God knows, and attentive readers of this column will bear Him out that I have been, from the very lock, stock and barrel start, utterly against the profligate creation of districts in this country. It is as if we didn’t have enough problems already and therefore worked out new ways to create fresh ones for reasons I have never been able to understand! At last from on high came news at the week’s beginning that H.E the President had called: Enough! My heart sang like a violin, or, if you prefer, like a nightingale’s.
At Independence there had been four Provinces: East, West, North and Buganda, sub-divided into Districts. But at some stage the Leaders of the time thought that Buganda and its Baganda thought themselves as special and apart (which they did) and they changed the Province’s name to Central, perhaps missing the implication that it would make Buganda and the Baganda as being central to everything Ugandan! Over the years Uganda’s districts grew to a high but still manageable 46. Nothing could have prepared its citizens to the sudden and frenzied outburst by the Movement Government, to a figure of nearly three times that number, with more on the way!
It is from this latest nightmarish scenario, as far as big numbers of Ugandans are concerned (your columnist therein) that President Museveni’s message hit us like a fragrance of flowers! “Museveni Stops Creation of Districts” announced Government’s Vision, while Monitor talked of “Museveni U-turn”, adding: “President tells MPS that Government lacks money to run units.” Excuse my preening, but I knew this well before and had repeatedly said so, pointing out that each district, some huge, some smaller than a sub-county, would need the same extensive and ruinous assembly of officials. If you’ve forgotten, look at my website: www.onemansweek.com.
Multiply this by all the new creations, around a gross in number to date, with more threatened and it follows as night follows day that you are up “manure” creek without a paddle: dangerous to your health! Right from the off, Government never had the funds. It gets worse. Even what little was put in was, without serious financial supervision, seriously looted.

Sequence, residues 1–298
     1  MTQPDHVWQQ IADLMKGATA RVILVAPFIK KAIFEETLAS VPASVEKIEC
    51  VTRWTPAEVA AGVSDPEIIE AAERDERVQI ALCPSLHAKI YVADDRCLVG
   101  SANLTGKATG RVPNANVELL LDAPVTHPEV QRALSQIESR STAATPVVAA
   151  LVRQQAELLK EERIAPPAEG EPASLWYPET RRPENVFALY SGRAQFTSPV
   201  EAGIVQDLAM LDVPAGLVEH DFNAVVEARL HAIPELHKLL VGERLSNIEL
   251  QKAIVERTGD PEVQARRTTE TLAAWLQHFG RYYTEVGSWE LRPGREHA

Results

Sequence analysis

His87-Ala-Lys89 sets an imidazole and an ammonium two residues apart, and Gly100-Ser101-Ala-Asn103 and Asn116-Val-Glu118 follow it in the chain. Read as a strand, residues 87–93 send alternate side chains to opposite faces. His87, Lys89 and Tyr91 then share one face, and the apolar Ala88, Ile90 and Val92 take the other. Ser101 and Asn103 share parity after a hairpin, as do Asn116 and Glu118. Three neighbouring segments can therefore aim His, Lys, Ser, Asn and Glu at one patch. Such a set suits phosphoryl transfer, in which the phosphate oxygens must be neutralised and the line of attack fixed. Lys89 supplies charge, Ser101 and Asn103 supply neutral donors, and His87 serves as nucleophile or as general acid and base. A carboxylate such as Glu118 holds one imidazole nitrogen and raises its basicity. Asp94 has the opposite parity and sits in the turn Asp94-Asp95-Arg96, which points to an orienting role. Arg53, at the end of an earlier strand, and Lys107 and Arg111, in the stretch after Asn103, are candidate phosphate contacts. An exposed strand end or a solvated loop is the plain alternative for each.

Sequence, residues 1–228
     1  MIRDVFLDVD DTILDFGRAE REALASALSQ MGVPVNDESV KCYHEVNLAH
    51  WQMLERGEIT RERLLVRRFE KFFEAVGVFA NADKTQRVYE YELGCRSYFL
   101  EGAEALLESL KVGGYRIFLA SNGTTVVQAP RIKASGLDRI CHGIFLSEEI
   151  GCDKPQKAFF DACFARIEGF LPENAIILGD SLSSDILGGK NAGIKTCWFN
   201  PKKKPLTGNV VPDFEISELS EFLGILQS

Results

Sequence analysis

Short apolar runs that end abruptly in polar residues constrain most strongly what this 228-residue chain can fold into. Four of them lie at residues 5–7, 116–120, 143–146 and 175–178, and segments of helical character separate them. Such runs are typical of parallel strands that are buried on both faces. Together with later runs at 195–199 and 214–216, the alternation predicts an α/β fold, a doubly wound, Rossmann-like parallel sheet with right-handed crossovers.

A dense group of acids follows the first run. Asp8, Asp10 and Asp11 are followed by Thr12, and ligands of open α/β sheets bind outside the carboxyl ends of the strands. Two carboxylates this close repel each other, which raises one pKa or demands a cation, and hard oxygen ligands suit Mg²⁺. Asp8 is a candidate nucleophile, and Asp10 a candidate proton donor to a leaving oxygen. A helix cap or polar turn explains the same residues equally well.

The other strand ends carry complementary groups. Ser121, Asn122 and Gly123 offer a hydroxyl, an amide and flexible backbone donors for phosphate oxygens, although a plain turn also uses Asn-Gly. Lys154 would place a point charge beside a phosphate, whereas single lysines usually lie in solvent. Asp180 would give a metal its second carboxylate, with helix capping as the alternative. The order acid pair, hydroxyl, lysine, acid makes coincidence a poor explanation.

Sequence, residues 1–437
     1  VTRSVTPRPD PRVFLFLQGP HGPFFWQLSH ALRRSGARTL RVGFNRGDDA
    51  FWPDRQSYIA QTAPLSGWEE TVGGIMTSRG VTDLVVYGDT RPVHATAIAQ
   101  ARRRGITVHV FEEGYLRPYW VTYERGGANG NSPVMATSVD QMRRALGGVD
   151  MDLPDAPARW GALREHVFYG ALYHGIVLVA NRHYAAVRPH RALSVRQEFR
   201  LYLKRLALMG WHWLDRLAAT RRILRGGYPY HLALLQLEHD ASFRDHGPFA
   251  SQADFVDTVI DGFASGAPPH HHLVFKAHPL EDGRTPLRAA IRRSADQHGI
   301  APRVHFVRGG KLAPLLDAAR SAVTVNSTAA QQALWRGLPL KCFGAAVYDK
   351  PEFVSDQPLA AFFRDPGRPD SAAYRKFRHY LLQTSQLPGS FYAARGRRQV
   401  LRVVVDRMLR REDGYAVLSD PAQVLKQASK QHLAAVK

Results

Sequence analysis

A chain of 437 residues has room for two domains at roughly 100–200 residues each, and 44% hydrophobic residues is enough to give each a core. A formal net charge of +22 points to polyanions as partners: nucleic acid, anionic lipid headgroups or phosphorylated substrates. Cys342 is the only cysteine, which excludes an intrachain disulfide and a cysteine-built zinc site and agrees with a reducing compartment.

If you see the Office of the Prime Minister scandal (what a polite word) and multiply it by the number of the districts, it becomes abundantly clear what problems arise in any attempt to police them. The funds looted are much less, but finding the thousands of bolt-holes the rats use becomes, and this is not rocket science, akin to finding the proverbial needle in the haystack!
Neither was this all. In many cases methods undertaken by the desperate district seekers, including the chewing and swallowing of live rats (not the human variety above) should have warned prudent analysts to (yes!) smell a rat and wonder why the rodent eaters were being quite so keen! Yet we threw all caution to the wind. Now we are crying. As the song goes, “Cry me a River!”
Besides, what were we, who preached so wonderfully against divisionism by tribe (and meant it) fall so easily into the trap of creating these new units based on people saying, early and late: “I much prefer to be with people I am most familiar with!”: another description of tribalism. We had rightly gone against traits of this at the Mengo Lukiiko, what laxity made us fail to recognise it in the new creations? Alas, even Homer nods!
But it isn’t too late to fully wake up. Let these districts be dismantled into more profitable, and necessarily larger, units. They could be called Regions. It will take courage, but we have never been short of that. Please, Mr. President!
Perhaps it is too early to give a definitive word on the just concluded Kenyan Elections, the more so since the Presidential loser, Raila Odinga, is predictably appealing to the Courts. But it is only fair to note that last time’s carnage has not (yet) appeared. And also to praise the condition that a successful Presidential candidate must win, other than a simple majority, at least 25% in at least half of the electoral constituencies. Uganda might well copy!
I can only call it Heavenly Delight which suffused me at the conclusion of the choice of the new 76-year-old Pope in Rome. Everything about it was right: the speed by which it was made, the theatre of the occasion, including the delay in the announcement until our nerves were taut. But way above these, the choice of the man himself. Pope Francis (the name he chose redolent of Francis of Assisi, 1182-1226, a saint of the people, which no Pontiff had ever chosen before) told you much about this bus-riding Cardinal, but with a robust and radical social conscience, from Argentina.
But more than this it was his bearing, at once humble but regal, his face; where at any time a smile might break out like the sun rising from the Eastern sky, and which expressed an affability not usually associated with the Rich of the Earth, that sealed this magnificent occasion.
I had never expected Pope John XXIII to be exceeded in these wonderful qualities, but Francis, while obviously not competing, might manage it, God Bless him.